Delfin Midstream confirmed last week it is in the “final phase” towards taking final investment decision (FID) on its first two FLNG vessels at the 13.3 mtpa Deepwater Port brownfield project in the US. Running parallel, the company announced it had entered into a design and engineering contract with Chinese company Wison Offshore & Marine with a plan to continue into a full Front End Engineering Design (FEED) later this year and begin FLNG vessel construction at Wison’s shipyard in mid-2024. 


Cheniere and German chemicals company BASF last Tuesday announced they have entered into a long-term sales and purchase agreement (SPA) for 0.8 mtpa of LNG deliveries subject to a positive final investment decision (FID) on the Sabine Pass Liquefaction (SPL) expansion project in Louisiana. This is Cheniere’s fourth SPA linked to the SPL expansion project, after Korean Southern Power Company (Kospo), Equinor and China’s ENN recently committed to offtake volumes. 

Hoegh LNG said in its half-year earnings report released last Wednesday that it is in “active dialogue” with developers of several new projects that could leverage FSRU capacity, after it finalised the purchase of the Hoegh Gandria vessel earlier this year. The company, which reported higher earnings year-on-year in the first half,  also said there were signs of a tighter global market for LNG and LNG spot carriers in the second half of 2023. 

Asia Pacific

China – Sinopec, China’s second-largest energy company, said last Wednesday it had made a gas discovery in the prolific Sichuan basin in southwestern China. The discovery takes Sinopec’s proven reserves in Sichuan – the country’s largest gas producing region – to a total of about 155 Bcm.

Singapore – Singapore’s LNG trading company Pavilion Energy will use the Chinese currency – known as the renminbi or yuan – to pay for an LNG cargo sold by state-owned China National Offshore Oil Corporation (CNOOC), the Shanghai Petroleum and Natural Gas Exchange (SHPGX) announced last week. The purchase is the latest commodity trade involving China to be settled in yuan as Beijing steps up efforts to increase the share of global energy trade completed in the currency.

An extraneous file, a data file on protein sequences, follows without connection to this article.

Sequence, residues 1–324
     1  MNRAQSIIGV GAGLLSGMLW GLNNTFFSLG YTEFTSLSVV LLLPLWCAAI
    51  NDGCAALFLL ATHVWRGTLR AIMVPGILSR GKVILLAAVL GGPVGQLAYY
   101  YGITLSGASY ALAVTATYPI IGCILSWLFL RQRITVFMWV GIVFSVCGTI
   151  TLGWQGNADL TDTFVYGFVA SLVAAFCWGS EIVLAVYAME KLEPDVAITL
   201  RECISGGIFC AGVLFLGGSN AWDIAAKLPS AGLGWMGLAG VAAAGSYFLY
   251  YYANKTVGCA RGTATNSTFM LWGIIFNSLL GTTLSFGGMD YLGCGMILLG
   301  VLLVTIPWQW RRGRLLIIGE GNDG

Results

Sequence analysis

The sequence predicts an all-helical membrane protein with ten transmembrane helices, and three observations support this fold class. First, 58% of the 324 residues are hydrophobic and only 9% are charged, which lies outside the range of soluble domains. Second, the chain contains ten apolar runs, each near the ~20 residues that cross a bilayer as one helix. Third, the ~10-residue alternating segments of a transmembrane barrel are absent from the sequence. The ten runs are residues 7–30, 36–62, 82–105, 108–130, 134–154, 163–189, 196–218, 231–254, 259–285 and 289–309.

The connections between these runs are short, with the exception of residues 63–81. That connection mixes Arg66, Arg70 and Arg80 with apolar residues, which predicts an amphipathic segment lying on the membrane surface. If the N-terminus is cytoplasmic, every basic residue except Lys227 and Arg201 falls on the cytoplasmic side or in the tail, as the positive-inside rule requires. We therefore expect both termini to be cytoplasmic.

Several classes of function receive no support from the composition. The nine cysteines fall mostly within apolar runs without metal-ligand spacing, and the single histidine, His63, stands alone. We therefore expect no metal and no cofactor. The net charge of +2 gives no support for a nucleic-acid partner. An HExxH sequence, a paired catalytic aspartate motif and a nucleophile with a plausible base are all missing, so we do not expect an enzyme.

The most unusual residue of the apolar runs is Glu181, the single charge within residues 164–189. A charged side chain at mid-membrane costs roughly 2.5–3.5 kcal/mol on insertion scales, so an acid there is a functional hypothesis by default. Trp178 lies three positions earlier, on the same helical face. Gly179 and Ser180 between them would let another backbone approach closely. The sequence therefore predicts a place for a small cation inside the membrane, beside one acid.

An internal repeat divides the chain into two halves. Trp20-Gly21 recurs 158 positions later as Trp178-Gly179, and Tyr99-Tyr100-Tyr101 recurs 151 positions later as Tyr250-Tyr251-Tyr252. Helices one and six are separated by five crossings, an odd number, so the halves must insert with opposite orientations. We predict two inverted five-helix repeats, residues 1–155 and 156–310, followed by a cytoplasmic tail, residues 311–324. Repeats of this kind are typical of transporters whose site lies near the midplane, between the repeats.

Gabon – French oil and gas explorer Maurel & Prom (M&P) is planning to monetise Gabon’s gas resources following its recent USD 730 million acquisition of Assala Energy from global investment firm Carlyle. Among M&P’s options is to utilise Perenco's planned Cap Lopez LNG plant for exports or, alternatively, build a new small-scale LNG plant in the African country. 

Russia & CIS Region 

Turkmenistan – The government of Turkmenistan has reportedly signed a short-term gas supply contract for the supply of 2 Bcm/year with neighbouring Uzbekistan, and the two countries are also planning to sign a long-term agreement. Running parallel, Turkmenistan said that it increased gas exports to China by 10% in the January-July period of this year.

Contact the editor:

Jana Sutenko
[email protected]